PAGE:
For the past 6 months, we’ve been talking about different ways to stretch your food dollar. But I have been remiss at actually sharing any tips about how to set a realistic food budget in the first place. With the New Year right around the corner, many of us are reevaluating our finances and setting goals for 2009. It’s a great time to look at your family’s food budget and determine if you’re on the mark.
The USDA has a handy worksheet available to help you set a food budget that is appropriate for your household. They’ve calculated the average price of food over the past 12 months to arrive at their monthly food cost estimates. Using my household as an example, a two-adult household should plan to spend $447.10 a month on food if they are on the “low-cost plan.” Last year my partner and I spent an average of $400 a month on food, so we’re doing pretty good. If we want to go with the “thrifty plan,” we’ll need to cut our expenses to $352.50. But anything below that would be completely unrealistic (and probably a little unhealthy).
Many articles about stretching your food dollar advocate these four tips:
1. Never grocery shop when you’re hungry – you end up buying more.
2. Scout the weekly food ads to find out which store has the best deals.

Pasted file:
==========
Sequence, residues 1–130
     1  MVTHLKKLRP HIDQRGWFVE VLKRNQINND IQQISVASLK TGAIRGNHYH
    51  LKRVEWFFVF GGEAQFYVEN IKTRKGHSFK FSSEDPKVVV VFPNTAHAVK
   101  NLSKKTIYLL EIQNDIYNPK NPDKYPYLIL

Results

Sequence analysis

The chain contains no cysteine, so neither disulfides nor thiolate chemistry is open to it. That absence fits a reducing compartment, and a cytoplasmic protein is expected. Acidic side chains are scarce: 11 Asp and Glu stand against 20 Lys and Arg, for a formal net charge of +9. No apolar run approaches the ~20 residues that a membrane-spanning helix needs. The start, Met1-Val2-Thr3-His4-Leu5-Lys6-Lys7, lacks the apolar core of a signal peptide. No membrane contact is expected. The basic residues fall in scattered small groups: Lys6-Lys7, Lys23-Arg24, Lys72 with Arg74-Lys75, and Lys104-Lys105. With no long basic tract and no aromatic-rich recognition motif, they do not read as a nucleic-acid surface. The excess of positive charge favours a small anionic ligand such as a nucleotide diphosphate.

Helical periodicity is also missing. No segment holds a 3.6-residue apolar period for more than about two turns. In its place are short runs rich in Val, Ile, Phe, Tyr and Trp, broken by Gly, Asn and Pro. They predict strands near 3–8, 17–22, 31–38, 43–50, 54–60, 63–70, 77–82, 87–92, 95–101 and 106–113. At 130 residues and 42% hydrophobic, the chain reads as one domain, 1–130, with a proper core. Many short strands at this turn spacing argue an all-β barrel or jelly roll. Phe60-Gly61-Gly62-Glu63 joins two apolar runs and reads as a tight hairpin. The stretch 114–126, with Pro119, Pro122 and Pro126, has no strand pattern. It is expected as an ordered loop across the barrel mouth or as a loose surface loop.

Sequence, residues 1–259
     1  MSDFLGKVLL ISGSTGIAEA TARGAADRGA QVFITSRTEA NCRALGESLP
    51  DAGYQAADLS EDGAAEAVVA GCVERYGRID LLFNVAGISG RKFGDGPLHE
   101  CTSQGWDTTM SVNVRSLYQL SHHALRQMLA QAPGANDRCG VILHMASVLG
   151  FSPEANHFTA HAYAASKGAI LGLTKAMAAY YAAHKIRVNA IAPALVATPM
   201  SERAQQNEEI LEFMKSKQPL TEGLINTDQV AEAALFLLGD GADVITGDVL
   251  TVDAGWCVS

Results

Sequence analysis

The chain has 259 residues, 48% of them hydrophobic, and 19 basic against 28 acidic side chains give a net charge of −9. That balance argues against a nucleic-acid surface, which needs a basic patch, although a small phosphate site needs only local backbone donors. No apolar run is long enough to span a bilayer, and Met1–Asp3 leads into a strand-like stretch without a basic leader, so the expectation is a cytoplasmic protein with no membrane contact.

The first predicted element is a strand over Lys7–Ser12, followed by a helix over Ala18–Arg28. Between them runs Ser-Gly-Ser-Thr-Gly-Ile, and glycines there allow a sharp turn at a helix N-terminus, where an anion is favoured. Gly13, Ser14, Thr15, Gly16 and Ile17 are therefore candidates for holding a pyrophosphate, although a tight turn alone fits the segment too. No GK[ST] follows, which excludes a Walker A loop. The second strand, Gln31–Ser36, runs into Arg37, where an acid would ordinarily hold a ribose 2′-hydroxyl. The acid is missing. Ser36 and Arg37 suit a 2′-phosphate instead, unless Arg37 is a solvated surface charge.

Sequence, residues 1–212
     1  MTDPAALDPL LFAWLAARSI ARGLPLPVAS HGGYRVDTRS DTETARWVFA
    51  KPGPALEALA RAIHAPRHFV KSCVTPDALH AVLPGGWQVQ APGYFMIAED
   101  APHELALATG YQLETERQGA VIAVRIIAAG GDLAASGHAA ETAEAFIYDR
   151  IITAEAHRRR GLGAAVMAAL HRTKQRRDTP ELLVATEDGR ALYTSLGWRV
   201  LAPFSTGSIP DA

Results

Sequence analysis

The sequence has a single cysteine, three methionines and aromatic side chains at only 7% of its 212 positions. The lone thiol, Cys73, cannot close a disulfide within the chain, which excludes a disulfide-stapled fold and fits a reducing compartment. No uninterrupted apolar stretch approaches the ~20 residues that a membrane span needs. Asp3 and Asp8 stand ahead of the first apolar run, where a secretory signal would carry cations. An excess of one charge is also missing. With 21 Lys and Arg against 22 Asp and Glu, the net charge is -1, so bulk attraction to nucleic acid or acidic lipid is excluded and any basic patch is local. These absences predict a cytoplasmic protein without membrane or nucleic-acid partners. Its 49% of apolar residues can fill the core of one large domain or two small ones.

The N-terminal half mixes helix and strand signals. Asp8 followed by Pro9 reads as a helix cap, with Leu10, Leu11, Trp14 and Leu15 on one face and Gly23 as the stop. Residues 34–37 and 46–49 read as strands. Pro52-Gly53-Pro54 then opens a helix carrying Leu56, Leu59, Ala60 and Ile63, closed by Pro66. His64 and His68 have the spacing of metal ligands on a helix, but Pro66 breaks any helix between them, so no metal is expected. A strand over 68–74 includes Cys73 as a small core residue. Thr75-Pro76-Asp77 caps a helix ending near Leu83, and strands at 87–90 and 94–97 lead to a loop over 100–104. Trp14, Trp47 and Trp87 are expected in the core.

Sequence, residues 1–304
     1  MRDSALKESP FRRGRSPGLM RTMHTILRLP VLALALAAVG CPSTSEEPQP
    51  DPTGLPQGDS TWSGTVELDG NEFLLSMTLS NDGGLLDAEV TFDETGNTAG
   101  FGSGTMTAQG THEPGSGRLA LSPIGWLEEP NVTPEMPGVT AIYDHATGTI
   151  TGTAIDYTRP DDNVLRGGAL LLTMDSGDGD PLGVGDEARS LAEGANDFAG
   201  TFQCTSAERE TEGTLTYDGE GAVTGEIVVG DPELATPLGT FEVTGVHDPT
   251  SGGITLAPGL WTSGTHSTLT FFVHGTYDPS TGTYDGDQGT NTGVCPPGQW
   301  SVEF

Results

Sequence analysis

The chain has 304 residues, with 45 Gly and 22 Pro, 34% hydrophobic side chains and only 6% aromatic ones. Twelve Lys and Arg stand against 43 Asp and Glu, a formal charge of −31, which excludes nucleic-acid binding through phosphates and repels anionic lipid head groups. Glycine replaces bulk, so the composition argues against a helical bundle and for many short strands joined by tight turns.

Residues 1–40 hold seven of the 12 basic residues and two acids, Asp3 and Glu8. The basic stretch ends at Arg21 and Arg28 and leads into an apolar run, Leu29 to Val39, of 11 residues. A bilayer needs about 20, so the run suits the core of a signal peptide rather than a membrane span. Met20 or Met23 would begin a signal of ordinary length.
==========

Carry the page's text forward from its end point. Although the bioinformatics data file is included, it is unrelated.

3. Pay attention to coupons and see if your grocery store offers double coupon days or will honor competitors’ coupons.
4. Avoid buying products on the end caps, as well as pre-prepared convenience foods. The best deals are going to be found in the produce, meat, and dairy sections. Cooking whole foods isn’t just cheaper – it’s healthier, too.
If you’ve been following the series, you probably know that I’m a big advocate of #4. We’ve already talked about making your own stock and how potatoes can stretch your food dollar. We’ve also shared food storage tips so that your food isn’t ending up in the garbage can before you’ve had a chance to use it. Next week I’ll talk about making your own bread. And in the next few weeks, we’ll also be looking ahead to planting your spring garden to help offset the cost of your family’s produce.
For 2009, I am going to set a goal of spending $350 a month on food to help reduce our household expenses, and then I’m going to put the extra $50 into our savings account. How about you? Are you ready for the challenge?
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